A world of his own


Alright, Pixar. I’ve had it.

I am past the point of being tired trying to find new and creative ways to use superlatives that are as endlessly creative and fresh as your films.

Seriously, does everything you do have to be so superiorly textured and nuanced, inviting hours of “rewatchability?” (There, see? I now have to resort to making up words just to keep up. I hope you can sleep well at night in your money-lined pillows.)

“Wall*E” is not a film to watch, it is one to consume. Layered with more craft and care than any film released so far this year.

Readers of this paper’s film column will no doubt attest to the fact that it is on rare occasion that I report to resoundingly glowing praise or hyperbole often (unless, of course, Adam Sandler is involved – kidding!). But time and time again, I find myself overwhelmed with Pixar’s ability to take the most simple of concepts – the childhood love of toys (“Toy Story,” “Toy Story 2”) the bond between parent and child (“Finding Nemo” which was directed by “Wall*E’s” Andrew Stanton, “The Incredibles”), the importance of teamwork (“Monsters Inc.,” “A Bugs Life,” “Ratatouille”) and here, the rudimentary necessity of tactile social interaction – and make it alternately fresh, nostalgic, exciting, comfortable and gloriously rendered both emotionally and graphically.

WALL*E is short for Waste Allocation Lift Loader Earth-class, a cuddly little bundle of microchips that is alone in its Earth-bound duty of cleaning up the mountainous waste left behind by a fleeing human race centuries prior. It seems a big conglomerate (imagine Wal-Mart injected with anabolic steroids) made a mess of things after it took over running (and ruining) the globe and jettisoned its population for a little while as it attempted to clean up its mess.

Seven hundred years later, WALL*E is the remaining inhabitant, dutifully filling his days with trash duty, but developed enough to find other, more meaningful diversions. For example, he has adopted a pet cockroach (naturally), collects miscellaneous scraps and parts, and settles in from time to time with a Betamax version of “Hello Dolly”).

Thematically, the first 40 minutes or so is very similar to last year’s “I am Legend,” as a non-speaking WALL*E does just enough to occupy time, but is painfully lonely and just wants a hand (or synthetic replication thereof) to hold. Unlike “I am Legend,” “WALL*E” does not suck royally after that setup.

He is visited by an Extraterrestrial Vegitation Evaluator (EVE), which is a sleek new robot model sent to the planet in search of burgeoning life. EVE is like a new iPod to WALL*E’s cassette player, but regardless of format, the song remains the same – WALL*E is immediately smitten.

After a coy courting period (with lasers), WALL*E tags along on EVE’s spaceship, which is housed on a floating Earth, populated with gelatinous mounds of flesh that are the human race. No longer do people rely on such tired traditions as “walking,” they simply jet around their new home in personal Barc-o-loungers, communicate entirely through computer screens and happily subsist on whatever the Big Brother-like corporate owners of the ship (the same ones that spoiled the planet) tell them to.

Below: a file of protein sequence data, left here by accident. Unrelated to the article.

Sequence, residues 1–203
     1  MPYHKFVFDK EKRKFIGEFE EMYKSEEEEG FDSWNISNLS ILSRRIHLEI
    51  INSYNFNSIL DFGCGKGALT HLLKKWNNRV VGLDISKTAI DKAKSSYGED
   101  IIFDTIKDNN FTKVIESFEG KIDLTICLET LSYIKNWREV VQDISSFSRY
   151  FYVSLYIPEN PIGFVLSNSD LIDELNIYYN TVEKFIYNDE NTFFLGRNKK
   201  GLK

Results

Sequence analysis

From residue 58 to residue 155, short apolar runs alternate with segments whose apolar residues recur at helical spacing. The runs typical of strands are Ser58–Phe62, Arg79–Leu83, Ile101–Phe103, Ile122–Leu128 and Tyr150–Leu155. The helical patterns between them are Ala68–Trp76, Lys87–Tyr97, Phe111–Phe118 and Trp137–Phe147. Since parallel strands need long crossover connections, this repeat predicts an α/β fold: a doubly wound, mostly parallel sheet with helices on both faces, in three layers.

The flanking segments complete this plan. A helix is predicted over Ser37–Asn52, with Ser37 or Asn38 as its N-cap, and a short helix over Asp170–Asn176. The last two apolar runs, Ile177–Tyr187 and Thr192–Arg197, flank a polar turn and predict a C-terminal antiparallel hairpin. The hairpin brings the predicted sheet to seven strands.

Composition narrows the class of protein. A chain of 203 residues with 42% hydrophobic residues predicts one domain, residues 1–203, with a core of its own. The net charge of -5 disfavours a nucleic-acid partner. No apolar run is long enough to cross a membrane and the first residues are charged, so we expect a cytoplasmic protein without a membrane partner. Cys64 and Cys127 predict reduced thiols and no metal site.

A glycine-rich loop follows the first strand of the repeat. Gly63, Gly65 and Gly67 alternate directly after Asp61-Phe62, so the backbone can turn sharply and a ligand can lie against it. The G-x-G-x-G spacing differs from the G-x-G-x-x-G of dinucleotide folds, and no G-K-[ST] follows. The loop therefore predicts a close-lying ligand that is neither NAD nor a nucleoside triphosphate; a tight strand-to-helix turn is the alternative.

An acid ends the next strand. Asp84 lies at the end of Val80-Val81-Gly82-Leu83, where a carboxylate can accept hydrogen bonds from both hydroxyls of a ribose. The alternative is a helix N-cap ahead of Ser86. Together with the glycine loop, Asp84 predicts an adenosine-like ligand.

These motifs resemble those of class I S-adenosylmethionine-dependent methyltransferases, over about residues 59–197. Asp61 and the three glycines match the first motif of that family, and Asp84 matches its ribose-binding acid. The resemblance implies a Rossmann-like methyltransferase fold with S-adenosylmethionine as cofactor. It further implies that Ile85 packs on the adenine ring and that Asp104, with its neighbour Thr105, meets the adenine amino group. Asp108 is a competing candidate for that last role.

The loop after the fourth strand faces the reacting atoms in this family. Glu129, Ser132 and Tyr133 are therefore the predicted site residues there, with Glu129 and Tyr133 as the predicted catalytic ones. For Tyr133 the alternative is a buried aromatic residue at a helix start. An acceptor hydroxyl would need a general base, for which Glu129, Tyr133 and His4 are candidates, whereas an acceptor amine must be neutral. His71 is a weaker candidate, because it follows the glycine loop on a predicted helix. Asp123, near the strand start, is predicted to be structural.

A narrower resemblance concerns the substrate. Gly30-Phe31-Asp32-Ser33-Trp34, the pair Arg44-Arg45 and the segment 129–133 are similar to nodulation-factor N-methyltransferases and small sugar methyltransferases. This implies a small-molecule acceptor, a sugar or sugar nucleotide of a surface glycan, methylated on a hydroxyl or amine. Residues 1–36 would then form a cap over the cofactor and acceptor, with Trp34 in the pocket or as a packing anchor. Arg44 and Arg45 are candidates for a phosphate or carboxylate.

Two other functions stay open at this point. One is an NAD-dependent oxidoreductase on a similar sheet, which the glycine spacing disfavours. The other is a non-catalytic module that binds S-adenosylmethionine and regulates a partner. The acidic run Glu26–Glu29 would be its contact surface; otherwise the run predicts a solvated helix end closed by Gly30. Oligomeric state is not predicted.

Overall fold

To reveal more would spoil the wonder of “WALL*E.” It’s clear that the filmmakers in that coveted Pixar house have a passion for film as well as storytelling. From silent-era slapstick that would make Buster Keaton proud, to space journeys capable of bringing a tear to George Lucas’s eye, to nods of golden-age movie musicals, “WALL*E” serves as a loving, guided tour through the coveted vaults of cinematic history.

There are scenes within that will induce tears, but not because of maudlin plot contrivances that do everything but old an onion under your eyes. There are moments of ecstatic marvel and whimsy throughout that make this so much more than a just another celluloid babysitter for the kiddos.

And you can dispute or politicize the film’s dyspeptic world view all you want (though does anyone else see the irony of a film featuring a society of computer-enslaved blobs of humanity created by a computer animation studio that works for years on one project?), but in this increasingly heated political climate, there is a reason the word “change” is bandied about so often. As over-simplified as it may sound, “Wall*E” serves as an animated testament to our ability to do just that.

But just as the morbidly obese captain of the human cargo ship in “WALL*E” proves, it is only accomplished by a innate willingness to do so. It may all sound trite, but as the best films in our short cinematic history, “WALL*E” makes you believe that anything is possible.

P.S. Don’t arrive late or you will miss a wonderful Looney Tunes-era short called “Presto,” featuring a rabbit that could out-wascal Bugs Bunny

~ by usesoapfilm on June 30, 2008.

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